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Authors: Catherine Mann

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Explosive Alliance

BOOK: Explosive Alliance
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Explosive Alliance

Catherine Mann

Wingmen Warriors 09

Silhouette Intimate Moments #1346

February 1, 2005

ISBN: 0373274165

Chapter 1

"Hey, I thought you said there was a woman behind every tree here." Captain Bo Rokowsky stared through the windscreen of his C-17, broken clouds revealing the barren landscape of Minot Air Force Base, North Dakota.

Not a damn tree in sight.

Laughter rumbled through his headset from the loadmaster "Tag" and the in-flight mechanic "Mako."

"Yes, sir," Mako drawled from the cargo hold. "Suckered you right into working this air show with that one, didn't we?"

"You dudes got me good." Bo gripped the throttle and let them have their victory. Better to take the ribbing over being "tricked" than to admit his real reason for signing on to this mission.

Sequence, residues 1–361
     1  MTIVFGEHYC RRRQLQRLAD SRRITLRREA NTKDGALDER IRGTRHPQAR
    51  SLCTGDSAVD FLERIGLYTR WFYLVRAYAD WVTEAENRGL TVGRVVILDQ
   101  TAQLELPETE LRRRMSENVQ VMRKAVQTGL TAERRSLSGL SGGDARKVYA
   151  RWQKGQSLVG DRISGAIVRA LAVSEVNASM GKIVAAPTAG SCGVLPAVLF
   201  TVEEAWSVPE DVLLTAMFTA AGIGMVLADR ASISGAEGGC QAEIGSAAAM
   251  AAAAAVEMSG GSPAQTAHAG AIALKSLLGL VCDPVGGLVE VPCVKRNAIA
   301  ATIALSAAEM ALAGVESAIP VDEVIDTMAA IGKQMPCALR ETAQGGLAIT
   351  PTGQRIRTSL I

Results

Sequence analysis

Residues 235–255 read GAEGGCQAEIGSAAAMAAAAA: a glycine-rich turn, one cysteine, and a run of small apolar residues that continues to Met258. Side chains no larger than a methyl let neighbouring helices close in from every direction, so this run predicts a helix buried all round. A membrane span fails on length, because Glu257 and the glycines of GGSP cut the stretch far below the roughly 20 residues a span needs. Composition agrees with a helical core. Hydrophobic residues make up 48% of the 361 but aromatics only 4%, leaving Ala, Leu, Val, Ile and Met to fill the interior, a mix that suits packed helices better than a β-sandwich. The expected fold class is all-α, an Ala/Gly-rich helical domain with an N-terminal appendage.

"The clue bird should have hit you like a whole flock smacking the windscreen when old, married Tag told you that Minot joke about the trees." Mako continued to gloat. "His wife would kick his butt if she thought he was checking out the female population. I just tell my girlfriend you keep them all too busy, anyway."

"One at a time, pal." Bo eased back on the throttle, as usual using a casual tone and attitude to mask a deep-seated attention to detail. "Always one at a time."

Stick in hand, Bo guided the craft toward the base, a mere speck ahead in the middle of flat, flat and more flat farmland, where he would spend the weekend at Minot's annual air show—dateless.